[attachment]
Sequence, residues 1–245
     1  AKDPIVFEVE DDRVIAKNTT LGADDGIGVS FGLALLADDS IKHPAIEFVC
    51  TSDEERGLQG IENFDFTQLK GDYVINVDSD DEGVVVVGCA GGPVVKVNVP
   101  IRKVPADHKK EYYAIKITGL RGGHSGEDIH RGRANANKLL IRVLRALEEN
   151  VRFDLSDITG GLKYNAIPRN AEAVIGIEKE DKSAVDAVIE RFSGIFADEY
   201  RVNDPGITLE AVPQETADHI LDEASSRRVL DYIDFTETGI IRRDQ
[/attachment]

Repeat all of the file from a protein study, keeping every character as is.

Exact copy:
Sequence, residues 1–245
     1  AKDPIVFEVE DDRVIAKNTT LGADDGIGVS FGLALLADDS IKHPAIEFVC
    51  TSDEERGLQG IENFDFTQLK GDYVINVDSD DEGVVVVGCA GGPVVKVNVP
   101  IRKVPADHKK EYYAIKITGL RGGHSGEDIH RGRANANKLL IRVLRALEEN
   151  VRFDLSDITG GLKYNAIPRN AEAVIGIEKE DKSAVDAVIE RFSGIFADEY
   201  RVNDPGITLE AVPQETADHI LDEASSRRVL DYIDFTETGI IRRDQ